Verdict: What work are you doing with Tech UK?
RK: We’re working on a variety of areas including skills and new technologies. We’re actually a pioneer in capability building, identifying technologies of the future, and building capabilities around it. I’ll give you one example: autonomous technologies is used in driverless cars today, but autonomous technologies can be used in any industry.
You’d never imagine driverless cars in mining, in factories, in farming. Our strength is to take technology and apply it to businesses and leverage it.
Verdict: The UK has a growing technology skills gap and an ageing population. Are you looking at reskilling older workers as well as recruiting students?
RK: AI and automation are going to take away the jobs of the past and create a lot of jobs for the future. But we’re sitting in a job paradox in the world; 75 million jobs of the past are going to go away and 122 million jobs of the future are going to be created by 2022 according to the World Economic Forum.
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This is such a paradox. We have thousands of people who are looking for jobs and thousands of open positions available which are not filled; this essentially means there is a deficit of people. The single biggest thing to be done is reskilling.
Unfortunately, the way we are structured as a society is governments pay for the first 20 years of our life and the last 20 years of our lives and all the change happens in the middle. The longevity of humans is going up; you might do three, four, five careers now as people are living longer. But who is going to be responsible for the reskilling?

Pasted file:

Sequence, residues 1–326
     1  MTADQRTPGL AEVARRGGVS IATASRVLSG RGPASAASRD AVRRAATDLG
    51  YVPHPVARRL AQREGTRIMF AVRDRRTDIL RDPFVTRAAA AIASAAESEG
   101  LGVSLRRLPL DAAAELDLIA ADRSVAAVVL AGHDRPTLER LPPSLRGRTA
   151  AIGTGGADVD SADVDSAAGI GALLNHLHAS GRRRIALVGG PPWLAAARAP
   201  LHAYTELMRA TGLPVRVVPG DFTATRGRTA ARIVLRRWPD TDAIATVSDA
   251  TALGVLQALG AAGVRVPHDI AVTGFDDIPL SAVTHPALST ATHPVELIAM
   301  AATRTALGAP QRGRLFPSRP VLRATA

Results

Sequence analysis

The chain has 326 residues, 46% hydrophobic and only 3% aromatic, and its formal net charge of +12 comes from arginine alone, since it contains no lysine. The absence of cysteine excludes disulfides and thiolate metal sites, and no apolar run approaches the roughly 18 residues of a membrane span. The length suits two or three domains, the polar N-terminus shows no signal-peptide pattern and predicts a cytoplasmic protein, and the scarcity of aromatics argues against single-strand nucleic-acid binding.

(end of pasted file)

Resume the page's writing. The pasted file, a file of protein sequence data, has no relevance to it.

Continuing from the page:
Is it the individuals, the organisations they work for or the government, or a combination of all three? We’re going to move from a linear equation of higher studies and work to a continuum of lifelong learning, because technology’s going to be so disruptive and so pervasive that you’re going to be constantly on a learning curve.
All large enterprises have to reskill their digital talent; for that you have to invest in infrastructure or a partnership like ours. We have a learning platform called Wingspan which we built and used it for our own employees but is now is focussed on learning for our customers’ employees.
Reskilling will be the number one agenda for governments, enterprises, and large institutions; without that I don’t think the world is going to gear up for the digital age. All the tech work in the past was done by STEM talent in the past, but the future of digital is going to be liberal arts.
Problem finding will be a bigger virtue than problem solving. I grew up in a world where problem solving was what humans did. But I think humans will switch to creative and problem finding and machines will do problem solving. Suddenly if you have a background in the humanities or liberal arts, those backgrounds have a much bigger role in the digital world than just being programmers.